ASU English boosts skills-based training through funded internships

What do most employers want to see on a job application? The answer, of course, is “experience.” But for full-time students, being able to legitimately add that line to a resume can be tricky — sort of a chicken-and-egg situation — unless they participate in an internship.Arizona State University English major Margaret LaCorte said that through her internships, one at a literary magazine and one as a class teaching assistant, she gained confidence in her abilities and learned how to put her “best foot forward.” LaCorte expects to graduate next spring and hopes to work in publishing or teaching.Ruby Macksoud, an instructional professional who directs the internship program in the Department of English at ASU, said this is exactly the outcome students should see. “Internships are a valuable part of the student experience,” she said. “Doing an internship builds skills and competencies that transfer to the workplace and smooth the transition from college.”Employers agree.ASU English major Margaret LaCorte has had an internship at a literary magazine and as a teaching assistant. Photo courtesy Margaret LaCorte A 2022 survey of hiring managers by the National Association of Colleges and Employers (NACE) reveals internship experience as the “most influential factor worth examining while making tough hiring decisions.” But what if you don’t have time in your schedule for an internship because you have to work? What if paying for additional internship credits breaks the bank?Starting this fall, ASU English offers a boost to its students who are contemplating an internship but don’t think they can take time away from their job or who may struggle to pay the tuition associated with for-credit internships.The Department of English Scholarship for Students with Unpaid Internships is for undergraduates majoring in Department of English programs: English; culture, technology and environment; and film and media studies. The scholarship awards up to $3,000 per student to support them on the path to career readiness. Unlike loans, scholarships never have to be repaid.“The vast majority of our students in The College of Liberal Arts and Sciences work — often 20 or more hours per week,” explained Dean of Humanities Jeffrey Cohen. “A career-enabling internship thus becomes a challenge since they will face a wage penalty. ... And that's why I love that ASU English has started this program.”The committee expects to award five scholarships each fall, spring and summer semester. Deadlines are Oct. 1 for spring internships, Feb. 1 for summer internships and Mar. 1 for fall internships.Demonstrating knowledge and skillsASU’s Department of English has a robust career development program, with more than 300 internship partners. Students can choose from the number of credits, depending on the number of hours they want to complete each week. All students in the department, including online students, are eligible to participate.Having an internship may be even more important for students in the humanities than it is for students in other disciplines. While employers value the writing, critical thinking and analytical skills that English, philosophy and language majors bring to the table, applicants who show they have completed work similar to the actual job for which they’re applying may have a proverbial leg up in the process.Maya Noto, who graduated with her English degree in 2022 and now works in marketing for a nonprofit, completed a paid internship during her last semester as a student. She said that being able to quit her restaurant job and work fewer hours let her focus on her studies. It also introduced a new realm of possibility for life beyond college, as she interacted with people who became mentors: “It allowed me to take time to invest in myself.”ASU English alum Maya Noto completed a paid internship during her last semester as a student and now works in marketing for a nonprofit. Photo courtesy Maya NotoEnglish chair Krista Ratcliffe said that offering scholarships for students who complete unpaid internships was a way of leveling the playing field. “While some internships are paid, many are not,” she said. “Because not all students have access to paid internships, our departmental scholarships are intended to encourage internships for majors who might otherwise pass on an internship experience."Any internship context — remote or in person, domestic or international — is an acceptable choice for students applying to the new Department of English scholarship. Students can also select the internship partner that fits best with their career interests; nonprofit organizations, government agencies, corporate environments and ASU academic or research units are all good places to start.The scholarships are made possible in part by gifts to the department's internship support fund.“Internships directly benefit students by creating pathways to doing work that matters to them and to their communities,” said Macksoud. “I’d call that a win-win.”For more information, please visit the scholarship page on the Department of English website.Top photo: Maya Noto, an ASU graduate in English, works at Arizona Humanities, where she held an internship as a student. Photo by Meghan Finnerty/ASU]]>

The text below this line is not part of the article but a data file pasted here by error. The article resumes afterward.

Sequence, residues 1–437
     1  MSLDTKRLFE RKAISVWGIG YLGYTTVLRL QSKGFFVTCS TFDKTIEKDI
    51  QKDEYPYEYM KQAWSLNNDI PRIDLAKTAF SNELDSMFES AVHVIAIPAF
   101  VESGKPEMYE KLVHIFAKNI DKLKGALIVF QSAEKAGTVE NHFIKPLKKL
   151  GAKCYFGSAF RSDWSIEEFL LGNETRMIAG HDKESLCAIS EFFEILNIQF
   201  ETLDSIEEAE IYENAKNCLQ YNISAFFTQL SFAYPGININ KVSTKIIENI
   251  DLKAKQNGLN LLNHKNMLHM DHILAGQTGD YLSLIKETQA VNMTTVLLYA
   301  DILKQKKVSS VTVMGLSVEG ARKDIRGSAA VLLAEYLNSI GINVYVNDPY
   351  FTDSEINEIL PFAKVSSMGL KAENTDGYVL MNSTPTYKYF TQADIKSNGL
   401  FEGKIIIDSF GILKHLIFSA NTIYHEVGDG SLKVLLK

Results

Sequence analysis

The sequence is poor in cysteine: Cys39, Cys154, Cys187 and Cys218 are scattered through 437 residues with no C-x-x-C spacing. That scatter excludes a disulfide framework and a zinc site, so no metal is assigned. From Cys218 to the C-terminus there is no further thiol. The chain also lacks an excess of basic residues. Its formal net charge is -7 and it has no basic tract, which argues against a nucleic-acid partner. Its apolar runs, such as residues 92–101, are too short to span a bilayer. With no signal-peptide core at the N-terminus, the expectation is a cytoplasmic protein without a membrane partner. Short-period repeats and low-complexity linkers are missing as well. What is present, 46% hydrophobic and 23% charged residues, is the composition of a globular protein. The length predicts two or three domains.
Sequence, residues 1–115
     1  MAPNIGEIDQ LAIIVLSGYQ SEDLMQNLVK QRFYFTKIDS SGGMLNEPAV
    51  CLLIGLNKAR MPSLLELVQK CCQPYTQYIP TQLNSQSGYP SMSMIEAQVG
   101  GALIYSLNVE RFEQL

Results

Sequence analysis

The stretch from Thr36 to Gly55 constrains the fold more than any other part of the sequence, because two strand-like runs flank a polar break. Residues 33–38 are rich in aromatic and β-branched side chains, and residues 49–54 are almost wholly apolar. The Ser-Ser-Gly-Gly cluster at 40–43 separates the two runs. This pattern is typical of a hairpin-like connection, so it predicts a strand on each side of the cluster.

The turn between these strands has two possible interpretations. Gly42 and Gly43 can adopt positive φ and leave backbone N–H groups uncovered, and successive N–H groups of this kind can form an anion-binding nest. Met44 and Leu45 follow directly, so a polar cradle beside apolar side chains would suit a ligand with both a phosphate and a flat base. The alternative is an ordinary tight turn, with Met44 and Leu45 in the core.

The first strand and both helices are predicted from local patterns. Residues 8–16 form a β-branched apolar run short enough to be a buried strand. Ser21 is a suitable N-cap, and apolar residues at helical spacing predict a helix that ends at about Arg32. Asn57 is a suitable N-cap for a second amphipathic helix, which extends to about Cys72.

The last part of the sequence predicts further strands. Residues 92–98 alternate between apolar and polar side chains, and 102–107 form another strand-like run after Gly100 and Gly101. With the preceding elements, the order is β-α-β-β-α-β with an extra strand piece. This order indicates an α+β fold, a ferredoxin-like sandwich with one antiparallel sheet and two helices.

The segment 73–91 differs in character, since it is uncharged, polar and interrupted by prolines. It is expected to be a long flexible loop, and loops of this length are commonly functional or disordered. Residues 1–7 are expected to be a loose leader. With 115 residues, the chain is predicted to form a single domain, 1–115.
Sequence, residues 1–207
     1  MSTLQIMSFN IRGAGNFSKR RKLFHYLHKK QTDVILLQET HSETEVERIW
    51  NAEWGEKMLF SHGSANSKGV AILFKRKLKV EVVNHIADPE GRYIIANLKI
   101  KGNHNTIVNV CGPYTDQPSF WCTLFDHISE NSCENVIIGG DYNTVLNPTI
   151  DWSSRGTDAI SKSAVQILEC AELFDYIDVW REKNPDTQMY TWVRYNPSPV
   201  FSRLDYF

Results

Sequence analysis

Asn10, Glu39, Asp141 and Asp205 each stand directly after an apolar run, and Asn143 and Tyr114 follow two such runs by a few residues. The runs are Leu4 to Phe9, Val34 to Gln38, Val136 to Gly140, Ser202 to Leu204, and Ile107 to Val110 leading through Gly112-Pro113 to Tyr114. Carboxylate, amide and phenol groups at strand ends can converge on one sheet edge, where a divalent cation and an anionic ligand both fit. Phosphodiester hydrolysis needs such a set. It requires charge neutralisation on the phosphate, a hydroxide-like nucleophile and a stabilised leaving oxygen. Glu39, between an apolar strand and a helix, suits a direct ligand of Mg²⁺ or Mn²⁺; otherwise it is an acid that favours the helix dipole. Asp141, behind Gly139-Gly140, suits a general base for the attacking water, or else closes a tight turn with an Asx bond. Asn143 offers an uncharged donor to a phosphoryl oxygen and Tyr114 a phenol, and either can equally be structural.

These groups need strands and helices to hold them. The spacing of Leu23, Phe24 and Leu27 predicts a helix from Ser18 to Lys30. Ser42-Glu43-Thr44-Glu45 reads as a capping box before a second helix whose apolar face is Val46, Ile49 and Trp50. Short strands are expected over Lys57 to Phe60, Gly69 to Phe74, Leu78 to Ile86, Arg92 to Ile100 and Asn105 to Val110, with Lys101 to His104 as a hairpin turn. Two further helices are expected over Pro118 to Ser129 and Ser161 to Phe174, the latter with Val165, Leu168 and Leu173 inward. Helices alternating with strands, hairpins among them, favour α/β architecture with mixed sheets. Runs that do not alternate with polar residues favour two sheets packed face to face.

Members of the Terracon Foundation, the ASU Foundation and Professor Ram Pendyala standing at the top of a staircase holding a large check. A sign in the background reads "Thank you Terracon!"

Terracon Foundation scholarships empower future engineers